Saturday, August 11, 2012

Magic Mile

Bippity Boppity Boo!!! With a swing of the wand and little swing in my hips, I thought I just might to see what this "Magic Mile" bit was all about.

It seems comes summertime as of late, I have been feeling the need for speed. Mind you, we are not talking the Goose and Maverick version that will have you doing an inverted cross with a MIG-29, but more of the oh shit, I opened the beer to fast and better suck down the head coming out before it spills kind of speed. Faster than I have been, but nowhere where I was as a yute.

Even though I am pacing a friend at the local 100 miler in September and am thinking of doing a timed 12 hour event after that, I have been hitting the circle of cinders weekly. A steady diet of  whatever # by 800's, coupled with the layering this week of 2 mile repeats, have the legs feeling like there is a little pop but I am not feeling the need to race at this point.

In the past, I have used the McMillan Pace Calculator to see where my workouts might project on race day, and they would probably be spot on if I didn't fall apart. So grazing the buffet of training plans available, I drifted over to Jeff Galloway and the Miracle Mile.

What I love about Jeff is he is a huge proponent of the run/walk method. As a newbie runner back in the day when gas was still, $1.08 gallon, I stated that I would never "walk" if I did a  marathon, I have done so in every one and found the magic that lies within this method when moving to ultras.

From the website, here is what Jeff has to say about the "Magic Mile":

After having worked with over 170,000 runners over 30 years, I've compiled hundreds of performances and have established a prediction formula based upon a one mile time trial. In other words, every 2 weeks or so, you can run a measured mile (at a good, hard pace for you) and use the time to predict what you could run at longer distances.
This assumes that
* You do the training needed for the distance and time goal (See my books Running Year Round Plan and Galloway Training Programs)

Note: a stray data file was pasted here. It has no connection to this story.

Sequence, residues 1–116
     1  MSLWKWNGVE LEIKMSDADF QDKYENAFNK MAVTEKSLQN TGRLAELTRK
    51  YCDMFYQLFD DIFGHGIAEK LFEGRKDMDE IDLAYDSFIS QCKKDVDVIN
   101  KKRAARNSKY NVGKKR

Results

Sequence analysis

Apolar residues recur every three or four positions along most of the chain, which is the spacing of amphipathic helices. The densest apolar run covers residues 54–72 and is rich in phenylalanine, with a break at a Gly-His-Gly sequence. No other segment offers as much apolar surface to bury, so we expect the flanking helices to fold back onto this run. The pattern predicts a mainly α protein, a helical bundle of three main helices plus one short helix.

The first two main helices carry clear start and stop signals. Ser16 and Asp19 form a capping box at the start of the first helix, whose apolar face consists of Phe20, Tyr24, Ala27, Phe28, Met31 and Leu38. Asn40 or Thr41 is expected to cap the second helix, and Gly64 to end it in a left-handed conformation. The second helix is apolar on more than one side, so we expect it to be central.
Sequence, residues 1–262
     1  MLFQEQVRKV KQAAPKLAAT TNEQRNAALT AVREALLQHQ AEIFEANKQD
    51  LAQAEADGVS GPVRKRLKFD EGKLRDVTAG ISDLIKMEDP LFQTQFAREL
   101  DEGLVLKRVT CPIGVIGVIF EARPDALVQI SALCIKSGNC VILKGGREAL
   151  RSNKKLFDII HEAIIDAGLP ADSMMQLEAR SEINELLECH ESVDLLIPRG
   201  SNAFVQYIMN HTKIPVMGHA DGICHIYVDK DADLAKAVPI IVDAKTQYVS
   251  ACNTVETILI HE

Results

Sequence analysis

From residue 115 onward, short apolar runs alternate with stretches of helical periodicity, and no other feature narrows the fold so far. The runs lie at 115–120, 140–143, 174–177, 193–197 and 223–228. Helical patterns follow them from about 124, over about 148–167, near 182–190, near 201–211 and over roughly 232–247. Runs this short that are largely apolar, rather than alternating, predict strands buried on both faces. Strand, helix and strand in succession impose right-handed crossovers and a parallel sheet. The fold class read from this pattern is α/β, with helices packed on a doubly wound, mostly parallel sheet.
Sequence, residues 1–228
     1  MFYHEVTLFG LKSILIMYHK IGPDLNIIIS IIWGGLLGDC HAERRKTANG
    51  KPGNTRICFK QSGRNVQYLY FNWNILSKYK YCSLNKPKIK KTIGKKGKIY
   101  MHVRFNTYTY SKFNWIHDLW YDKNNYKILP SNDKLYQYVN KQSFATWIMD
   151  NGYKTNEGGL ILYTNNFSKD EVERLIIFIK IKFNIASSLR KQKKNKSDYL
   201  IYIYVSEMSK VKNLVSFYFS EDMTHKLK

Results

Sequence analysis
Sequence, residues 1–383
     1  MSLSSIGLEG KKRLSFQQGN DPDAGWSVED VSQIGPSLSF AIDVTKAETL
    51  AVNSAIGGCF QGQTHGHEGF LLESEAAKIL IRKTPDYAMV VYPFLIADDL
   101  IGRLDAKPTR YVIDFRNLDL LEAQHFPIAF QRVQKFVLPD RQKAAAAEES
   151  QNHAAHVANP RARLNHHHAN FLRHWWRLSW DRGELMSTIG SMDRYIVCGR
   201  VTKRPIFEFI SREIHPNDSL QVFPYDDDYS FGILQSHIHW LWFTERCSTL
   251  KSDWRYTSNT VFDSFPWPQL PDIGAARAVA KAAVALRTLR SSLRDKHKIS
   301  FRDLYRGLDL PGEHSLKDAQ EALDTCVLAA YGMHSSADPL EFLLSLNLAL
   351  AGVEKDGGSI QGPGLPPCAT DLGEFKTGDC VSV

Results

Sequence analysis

* The temperature on the race day of your race is 60F or cooler
* You pace yourself correctly and take the walk breaks necessary for your goal (see the same two books for details)  


 So the idea behind this "Magic Mile" is that after a proper warmup of at least one mile, and some acceleration gliders that you run 1 mile as hard as you can. Not puking hard, but so that you couldn't maintain that pace for another 100 yards. 

Mind you, I have not run an all out mile since high school. Back then, pimple faced and fueled by the Golden Arches, I remember running somewhere in the vicinity of 5:20-5:30's. Good enough for varsity, but only because no one else wanted to run the mile. 

With a slow building trot to the starting line, I threw my Road ID off to the side of the track to increase my aerodynamicness and began the 4 laps. A lot of rain had fallen in the last day so the inside lane of the high school tack was a bit muddy in spots and I swerved in an out to hug the inside. 


Round and round I went and with each lap so my rate of breathing became more labored. When I glanced down at my Garmin, I saw an uncharacteristic number at the head of the mile pace: "5" and the remainder of the mile became an effort to keep that number from turning into a "6". 

Crossing the imaginary finish line (Road  ID and hat), I checked the watch to see that I had run a 5:53 mile. Between sucking air down I cracked a smile and trotted the whole way home thinking that was a pretty good effort. 

Sitting down at the computer, I proudly punched in my "Magic Mile" time only to have numbers spit back out at me that turned my smile upside down. 


5k pace - 6:26/ 19:57 
10k pace - 6:46/ 41:57 
1/2 marathon Training Pace - 8:39 / 1:53:18 
1/2 marathon Pace - 7:04 / 1:32:29 
Marathon Training Pace - 9:39 / 4:12:47 
Marathon Race Pace: 7:39 / 3:20:23


In all honesty,  I should not have been disappointed. I have put in only about 4 weeks of speedwork, and have not raced at all to see where my fitness is at. A chart is chart. An algorithim taking into account many factors, it's not the end all be all. It is merely a reference point. Nevertheless, I think that I had better start scouring the interwebs for a race and make a date in a few weeks with another "Magic Mile".  



1 comment:

Tim Bateson said...

I recently ran a timed mile and put my figures into this. I was suprised at just how acurate it was!

Thanks for sharing.
Tim